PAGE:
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Interview Body Language

Why Body Language Counts at Job Interviews

It is widely recognised that more than half of your message doesn’t come from the words you say. Communication is both verbal and nonverbal, with your tone and body language having the biggest impact. So if you’re trying to make an impression, it’s critical to consider what your body is saying. Forget to smile, slouch in your chair or fail to make eye contact during an interview, and you could miss out on a job offer. Here are some tips on how you can create winning body language that could land you that job offer.

Eye Contact

Looking people directly in the eye conveys confidence, certainty and transparency. It builds a sense of trust and openness and helps develop a personal connection. But don’t forget to break away, holding eye contact too long can come across as aggressive and a little odd. In fact, Netflix has come under scrutiny for new workplace harassment rules that says you can’t look at anyone for more than five seconds because looking at anyone longer is considered “creepy”.

The Handshake

Greet your interviewer with direct eye contact and a firm handshake with just enough pressure to say you mean business without bone crushing. The perfect manoeuvre is to slide your hand into the web of theirs and make palm-to-palm contact. Lock thumbs with the hiring manager and apply similar pressure.

Watch your Tone

When we are nervous, we may find it difficult to control the speed, pitch and volume of our speech. We can come across as hesitant by clearing our throats or using excessive  “ums and ahs”. The trick is to the calm that monkey in your mind! Aim for focus and clarity by learning how to relax your thoughts and your voice with your breathing. After each question, get into the habit of taking a deep breath, pausing and then proceeding. It will help make your answers clear and confident.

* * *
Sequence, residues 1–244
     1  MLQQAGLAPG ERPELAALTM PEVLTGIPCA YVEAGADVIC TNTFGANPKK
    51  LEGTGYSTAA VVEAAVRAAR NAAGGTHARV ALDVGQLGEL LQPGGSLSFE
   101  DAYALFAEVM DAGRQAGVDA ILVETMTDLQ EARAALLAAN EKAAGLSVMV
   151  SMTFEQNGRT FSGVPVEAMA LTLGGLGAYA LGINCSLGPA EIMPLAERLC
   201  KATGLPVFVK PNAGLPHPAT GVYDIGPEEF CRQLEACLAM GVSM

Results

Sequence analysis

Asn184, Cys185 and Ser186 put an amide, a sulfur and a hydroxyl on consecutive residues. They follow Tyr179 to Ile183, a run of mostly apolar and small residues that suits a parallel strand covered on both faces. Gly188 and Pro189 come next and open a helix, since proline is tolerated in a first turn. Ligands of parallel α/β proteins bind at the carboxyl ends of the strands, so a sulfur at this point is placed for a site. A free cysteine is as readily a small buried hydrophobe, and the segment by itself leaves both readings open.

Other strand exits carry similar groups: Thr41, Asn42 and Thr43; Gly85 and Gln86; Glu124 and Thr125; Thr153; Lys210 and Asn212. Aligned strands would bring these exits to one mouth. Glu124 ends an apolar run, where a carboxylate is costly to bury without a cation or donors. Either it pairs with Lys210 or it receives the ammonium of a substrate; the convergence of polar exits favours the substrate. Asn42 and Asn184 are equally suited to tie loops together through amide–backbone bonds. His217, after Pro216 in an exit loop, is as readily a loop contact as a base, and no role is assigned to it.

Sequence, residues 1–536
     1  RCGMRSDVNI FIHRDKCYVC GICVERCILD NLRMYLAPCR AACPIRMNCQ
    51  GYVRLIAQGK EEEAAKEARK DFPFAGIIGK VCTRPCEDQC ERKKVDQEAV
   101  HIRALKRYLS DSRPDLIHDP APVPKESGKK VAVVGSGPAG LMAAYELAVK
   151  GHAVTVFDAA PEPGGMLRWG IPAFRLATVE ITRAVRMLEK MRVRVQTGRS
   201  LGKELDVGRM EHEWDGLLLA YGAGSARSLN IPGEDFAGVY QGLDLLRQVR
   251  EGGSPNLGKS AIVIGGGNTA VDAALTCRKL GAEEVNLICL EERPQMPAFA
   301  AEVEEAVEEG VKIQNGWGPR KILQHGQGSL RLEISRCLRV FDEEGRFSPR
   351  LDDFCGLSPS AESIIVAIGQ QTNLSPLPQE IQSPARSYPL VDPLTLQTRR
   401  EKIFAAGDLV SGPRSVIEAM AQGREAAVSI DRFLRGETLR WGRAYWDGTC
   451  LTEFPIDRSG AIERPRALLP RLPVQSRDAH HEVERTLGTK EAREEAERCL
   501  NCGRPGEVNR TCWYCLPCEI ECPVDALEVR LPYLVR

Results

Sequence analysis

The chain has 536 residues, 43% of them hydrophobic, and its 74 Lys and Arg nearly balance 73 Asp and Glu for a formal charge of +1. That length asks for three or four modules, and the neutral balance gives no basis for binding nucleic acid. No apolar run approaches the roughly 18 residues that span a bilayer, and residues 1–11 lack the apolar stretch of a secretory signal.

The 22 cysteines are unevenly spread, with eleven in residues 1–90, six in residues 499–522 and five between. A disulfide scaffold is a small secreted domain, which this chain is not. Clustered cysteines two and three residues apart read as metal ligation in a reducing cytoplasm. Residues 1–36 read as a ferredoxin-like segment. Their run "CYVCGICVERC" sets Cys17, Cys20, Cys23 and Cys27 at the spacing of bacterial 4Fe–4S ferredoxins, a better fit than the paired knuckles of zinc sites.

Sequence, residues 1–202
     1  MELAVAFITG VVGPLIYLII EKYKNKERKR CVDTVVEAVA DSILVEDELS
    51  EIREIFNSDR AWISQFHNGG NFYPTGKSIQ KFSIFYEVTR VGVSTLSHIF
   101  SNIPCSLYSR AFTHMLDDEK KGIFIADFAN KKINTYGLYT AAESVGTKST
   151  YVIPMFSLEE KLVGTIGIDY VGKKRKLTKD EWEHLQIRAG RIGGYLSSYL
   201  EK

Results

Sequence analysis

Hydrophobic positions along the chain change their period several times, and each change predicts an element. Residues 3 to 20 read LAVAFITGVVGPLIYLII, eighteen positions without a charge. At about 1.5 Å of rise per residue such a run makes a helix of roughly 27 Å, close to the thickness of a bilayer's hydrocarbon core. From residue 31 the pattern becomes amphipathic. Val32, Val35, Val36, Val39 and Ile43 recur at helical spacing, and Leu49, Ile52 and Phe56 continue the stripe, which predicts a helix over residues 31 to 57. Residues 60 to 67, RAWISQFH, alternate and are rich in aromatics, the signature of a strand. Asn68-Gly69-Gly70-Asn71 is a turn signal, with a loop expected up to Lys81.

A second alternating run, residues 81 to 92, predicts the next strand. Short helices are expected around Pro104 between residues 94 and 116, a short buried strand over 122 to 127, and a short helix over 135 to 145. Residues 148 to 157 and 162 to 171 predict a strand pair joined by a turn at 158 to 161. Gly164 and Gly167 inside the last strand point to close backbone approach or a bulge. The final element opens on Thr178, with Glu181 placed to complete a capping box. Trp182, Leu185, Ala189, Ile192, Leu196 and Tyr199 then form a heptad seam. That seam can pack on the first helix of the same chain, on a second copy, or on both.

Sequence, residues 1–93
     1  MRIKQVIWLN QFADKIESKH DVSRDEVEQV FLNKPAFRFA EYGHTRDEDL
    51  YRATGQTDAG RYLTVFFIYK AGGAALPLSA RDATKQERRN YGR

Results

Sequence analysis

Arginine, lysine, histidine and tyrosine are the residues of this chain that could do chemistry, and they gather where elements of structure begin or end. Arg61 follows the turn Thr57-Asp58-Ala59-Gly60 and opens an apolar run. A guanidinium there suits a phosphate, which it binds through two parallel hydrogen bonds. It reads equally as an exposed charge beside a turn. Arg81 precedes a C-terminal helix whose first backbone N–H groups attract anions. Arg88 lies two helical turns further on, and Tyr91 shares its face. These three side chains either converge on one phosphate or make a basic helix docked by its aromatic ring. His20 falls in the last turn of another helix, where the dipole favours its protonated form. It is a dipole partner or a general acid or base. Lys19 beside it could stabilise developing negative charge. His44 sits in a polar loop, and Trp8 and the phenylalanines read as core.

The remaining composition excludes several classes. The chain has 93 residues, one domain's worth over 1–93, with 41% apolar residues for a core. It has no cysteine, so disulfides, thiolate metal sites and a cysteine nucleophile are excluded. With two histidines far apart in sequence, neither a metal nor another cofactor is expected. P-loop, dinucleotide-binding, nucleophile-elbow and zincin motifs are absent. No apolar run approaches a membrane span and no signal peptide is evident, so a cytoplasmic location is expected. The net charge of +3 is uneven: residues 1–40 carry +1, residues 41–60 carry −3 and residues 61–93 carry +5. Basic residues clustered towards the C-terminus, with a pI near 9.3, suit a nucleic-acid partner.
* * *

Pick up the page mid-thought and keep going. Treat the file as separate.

Be Poised

Just like your parents always told you: sit up straight! Leaning back comes across as lazy or arrogant; leaning forward can look aggressive and slouching looks disinterested. Instead, aim for a relaxed neutral position, sit up straight, but not so straight it looks like you’re craning your neck to the ceiling.

Be Open

Crossing your arms, and even your legs is one of the most recognised negative body language positions. It can signal that you are defensive, resistant or bored. Even if you find it the most comfortable way to hold your arms, in an interview you want to project openness and build a good relationship.

Don’t be a space invader

Be respectful of the interviewer’s personal space. Stand too close and you’ll make them uncomfortable, stand too far away and you’ll look uncomfortable. Aim for about an extended arm’s length away.

Mind your hands

When we are nervous, our hands like to do all sorts of things like touch our face, play with our hair, drum our fingers or plant themselves in our pockets. By all means, use your hands but keep the movements small and natural.

Be Interested

When the interviewer is speaking make eye contact and listen to what they are saying: don’t jump ahead and assume you know the question. Be mindful of your facial expressions and under no circumstances check your watch or your mobile phone during the interview.

Once you’ve mastered all of that, don’t forget to smile! As much as the interview is about them identifying if you are a good match for the role, it should also be an opportunity for you to discover if the company is a good match for you. While the employer is working out whether you are capable and likeable – you can also be working out whether you think they’re likeable too!

Interested in improving your interview performance? Speak to the team at Successful Resumes Australia to master your next interview.

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